Preserving heirloom seeds is an excellent way to celebrate family traditions. It also helps you trim your annual gardening budget while keeping around unique varieties of plants. Here are step-by-step instructions on storing and saving heirloom seeds properly.
The Importance of Heirloom Seeds
Heirloom seeds, sometimes called open-pollinated seeds, have been passed down from generation to generation. Typically, heirlooms develop over time to be optimal for their local climate and soil.
They are hand selected for traits such as resistance to local pests, diseases, and inclement weather. Heirlooms help maintain the genetic diversity of the world’s food crops. Heirloom plants give gardeners a role in keeping our planet’s biodiversity.
How to Store and Save These Valuable Seeds
Before you can save seeds, you must grow healthy plants. Adequate water during the flowering and formation stages is essential to healthy seed growth. Next, you want to do the following:
Select the Right Seeds
Nurture all plants to maturity while saving an equal amount of seeds from each, especially for diseased or atypical plants. It’s best to choose healthy and robust plants, ensuring that you remove any diseased plants from your garden to avoid contamination. You also want seeds to fully mature to maximize life and viability. For seeds that will dry on the plant, a period of dry conditions at the end of the plant’s life cycle is ideal for reaching full maturity. We also suggest picking various plants to preserve the range of genetic diversity.
Don’t Cross-Pollinate Seeds
Be careful about cross-pollination. The best way to avoid cross-pollination is to grow one species or similar plants but keep them at a distance. According to The Spruce, you should space your heirloom tomatoes 2 to 3 feet apart.
You should also know that the squash family includes many plants, such as watermelons, cantaloupes, gourds, and cucumbers. If you want to save seeds from the squash family, ensure that you only choose one from each cross-pollinating species.
When growing wide varieties of the same species, consider the following:
- You can grow plants in separate cages that you can remove on alternate days, allowing them to pollinate while remaining distinct from the commingled pollen.
- You can bag individual flowers in cheesecloth and remove them on alternate days.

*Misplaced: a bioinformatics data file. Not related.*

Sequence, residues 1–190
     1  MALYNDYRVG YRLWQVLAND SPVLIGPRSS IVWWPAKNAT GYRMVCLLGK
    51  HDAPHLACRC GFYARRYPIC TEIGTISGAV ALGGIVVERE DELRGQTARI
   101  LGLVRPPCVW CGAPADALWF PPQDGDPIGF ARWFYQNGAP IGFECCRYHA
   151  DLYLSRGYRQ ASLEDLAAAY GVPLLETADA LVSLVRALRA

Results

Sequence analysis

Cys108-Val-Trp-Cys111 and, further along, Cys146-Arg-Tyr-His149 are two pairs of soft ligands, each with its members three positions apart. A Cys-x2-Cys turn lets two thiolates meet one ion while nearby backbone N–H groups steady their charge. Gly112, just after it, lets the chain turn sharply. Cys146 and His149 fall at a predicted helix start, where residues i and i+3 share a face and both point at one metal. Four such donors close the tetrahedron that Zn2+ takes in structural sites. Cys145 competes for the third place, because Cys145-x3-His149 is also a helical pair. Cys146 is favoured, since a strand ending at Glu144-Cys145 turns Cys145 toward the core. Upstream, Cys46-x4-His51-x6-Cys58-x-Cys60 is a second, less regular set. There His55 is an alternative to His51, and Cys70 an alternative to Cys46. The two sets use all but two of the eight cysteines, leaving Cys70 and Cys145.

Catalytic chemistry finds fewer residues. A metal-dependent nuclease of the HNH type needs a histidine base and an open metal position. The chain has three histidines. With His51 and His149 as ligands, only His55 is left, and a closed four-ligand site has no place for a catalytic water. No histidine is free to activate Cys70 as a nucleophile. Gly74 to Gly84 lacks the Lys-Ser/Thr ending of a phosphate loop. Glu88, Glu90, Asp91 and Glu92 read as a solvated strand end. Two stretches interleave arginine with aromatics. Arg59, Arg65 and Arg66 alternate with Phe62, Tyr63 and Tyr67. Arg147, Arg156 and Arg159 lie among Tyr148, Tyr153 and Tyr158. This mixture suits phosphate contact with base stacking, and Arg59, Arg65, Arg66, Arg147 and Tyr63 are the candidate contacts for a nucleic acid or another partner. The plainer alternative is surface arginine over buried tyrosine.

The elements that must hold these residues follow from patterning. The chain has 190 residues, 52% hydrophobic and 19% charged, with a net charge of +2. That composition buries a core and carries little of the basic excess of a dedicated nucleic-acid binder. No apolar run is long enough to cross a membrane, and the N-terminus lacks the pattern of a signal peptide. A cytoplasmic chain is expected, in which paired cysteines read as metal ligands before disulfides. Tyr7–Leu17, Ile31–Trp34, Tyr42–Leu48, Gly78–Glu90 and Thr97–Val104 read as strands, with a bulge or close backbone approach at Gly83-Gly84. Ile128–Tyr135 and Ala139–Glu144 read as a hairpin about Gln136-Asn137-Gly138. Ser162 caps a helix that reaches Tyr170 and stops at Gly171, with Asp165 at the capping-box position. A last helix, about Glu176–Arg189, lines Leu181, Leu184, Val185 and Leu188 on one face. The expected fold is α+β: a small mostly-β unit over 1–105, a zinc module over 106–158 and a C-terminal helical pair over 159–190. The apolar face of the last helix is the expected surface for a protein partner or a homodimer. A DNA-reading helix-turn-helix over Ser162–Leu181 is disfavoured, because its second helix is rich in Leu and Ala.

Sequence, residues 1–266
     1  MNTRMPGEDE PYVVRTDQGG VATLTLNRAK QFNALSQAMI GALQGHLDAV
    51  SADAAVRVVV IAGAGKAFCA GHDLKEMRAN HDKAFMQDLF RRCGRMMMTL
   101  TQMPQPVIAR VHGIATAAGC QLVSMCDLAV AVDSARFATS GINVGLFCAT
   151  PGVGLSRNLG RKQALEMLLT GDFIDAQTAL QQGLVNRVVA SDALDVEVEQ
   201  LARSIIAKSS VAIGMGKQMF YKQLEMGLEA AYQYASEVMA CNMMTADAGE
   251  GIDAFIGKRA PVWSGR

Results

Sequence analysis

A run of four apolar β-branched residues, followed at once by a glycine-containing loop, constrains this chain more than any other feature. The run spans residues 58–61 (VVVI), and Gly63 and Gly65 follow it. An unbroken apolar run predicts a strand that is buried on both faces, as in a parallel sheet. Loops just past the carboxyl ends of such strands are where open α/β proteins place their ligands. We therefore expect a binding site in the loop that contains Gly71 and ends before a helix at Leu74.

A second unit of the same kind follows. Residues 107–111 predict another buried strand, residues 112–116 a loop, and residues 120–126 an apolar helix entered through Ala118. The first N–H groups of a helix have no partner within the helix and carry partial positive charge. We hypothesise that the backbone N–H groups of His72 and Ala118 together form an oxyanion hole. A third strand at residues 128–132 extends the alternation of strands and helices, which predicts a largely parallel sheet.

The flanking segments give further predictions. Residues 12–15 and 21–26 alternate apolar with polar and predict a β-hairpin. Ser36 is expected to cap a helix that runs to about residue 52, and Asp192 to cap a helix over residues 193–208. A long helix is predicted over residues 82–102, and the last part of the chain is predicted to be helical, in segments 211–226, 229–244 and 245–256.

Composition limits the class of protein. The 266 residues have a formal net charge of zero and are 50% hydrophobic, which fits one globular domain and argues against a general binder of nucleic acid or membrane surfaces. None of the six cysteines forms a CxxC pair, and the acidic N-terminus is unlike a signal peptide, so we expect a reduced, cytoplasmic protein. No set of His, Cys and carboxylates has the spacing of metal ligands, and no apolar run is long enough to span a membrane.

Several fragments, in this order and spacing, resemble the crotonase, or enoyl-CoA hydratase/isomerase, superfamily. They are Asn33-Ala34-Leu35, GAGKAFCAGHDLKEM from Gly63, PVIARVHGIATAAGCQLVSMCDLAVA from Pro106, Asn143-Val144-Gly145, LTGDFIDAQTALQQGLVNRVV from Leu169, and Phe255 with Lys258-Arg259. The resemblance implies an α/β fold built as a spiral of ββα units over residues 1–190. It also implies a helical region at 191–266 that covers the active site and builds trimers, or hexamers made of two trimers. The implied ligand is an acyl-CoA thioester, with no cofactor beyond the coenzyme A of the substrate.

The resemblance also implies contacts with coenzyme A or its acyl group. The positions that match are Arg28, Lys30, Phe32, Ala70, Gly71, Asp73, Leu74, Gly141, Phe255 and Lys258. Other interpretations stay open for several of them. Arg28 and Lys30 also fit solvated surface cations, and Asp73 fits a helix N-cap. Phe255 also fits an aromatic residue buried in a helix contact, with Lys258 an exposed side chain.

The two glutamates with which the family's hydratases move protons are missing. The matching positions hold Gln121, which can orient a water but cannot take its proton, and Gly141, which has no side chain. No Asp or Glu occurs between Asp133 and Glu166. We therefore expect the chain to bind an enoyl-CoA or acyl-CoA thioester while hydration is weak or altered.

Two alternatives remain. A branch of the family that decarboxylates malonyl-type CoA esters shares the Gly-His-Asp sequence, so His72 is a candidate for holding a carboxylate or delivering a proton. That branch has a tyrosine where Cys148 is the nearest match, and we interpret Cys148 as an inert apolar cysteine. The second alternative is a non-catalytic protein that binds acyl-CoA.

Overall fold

- You can stagger plants so that the flowering periods don’t overlap if your growing season allows
- You don’t want your plants to experience cross-pollination in your garden, but you should also be aware of what your neighbors are growing.
How to Store the Seeds
Before storing your seeds, you want to ensure that you dry them in a well-ventilated location for two or more weeks. Your seeds should be entirely dry to avoid mold and mildew and should snap in half versus bending. We suggest storing seeds in an airtight container in a cool and dry place.
Please keep them in the back of the refrigerator or freezer for long-term storage. Regardless of where you store them, you want to ensure they don’t become vulnerable to temperature or humidity fluctuations.
Saving heirloom seeds reinforces why gardening is so vital. Families who keep these plants are self-reliant, connected to the Earth, and deeply satisfied by watching nature at work. Plus, the recipes that you can create are endless.
Contact Baywater Farms today to learn more about our family-owned business and the benefits of buying your produce locally.
BAYWATER FARMS HAS THE RIGHT PRODUCE FOR YOU
Baywater Farms is a family-owned and operated farm servicing Baltimore, Washington D.C., Maryland, Delaware beaches, and the Eastern Shore. We are capable of meeting the demands of your produce distributor, restaurant produce supplier, CSA produce supplier, or wholesale produce supplier while maintaining the integrity and character of a small farm. When you work with Baywater Farms, you work with an experienced, ethical, and local farm dedicated to providing the highest-quality heirloom produce.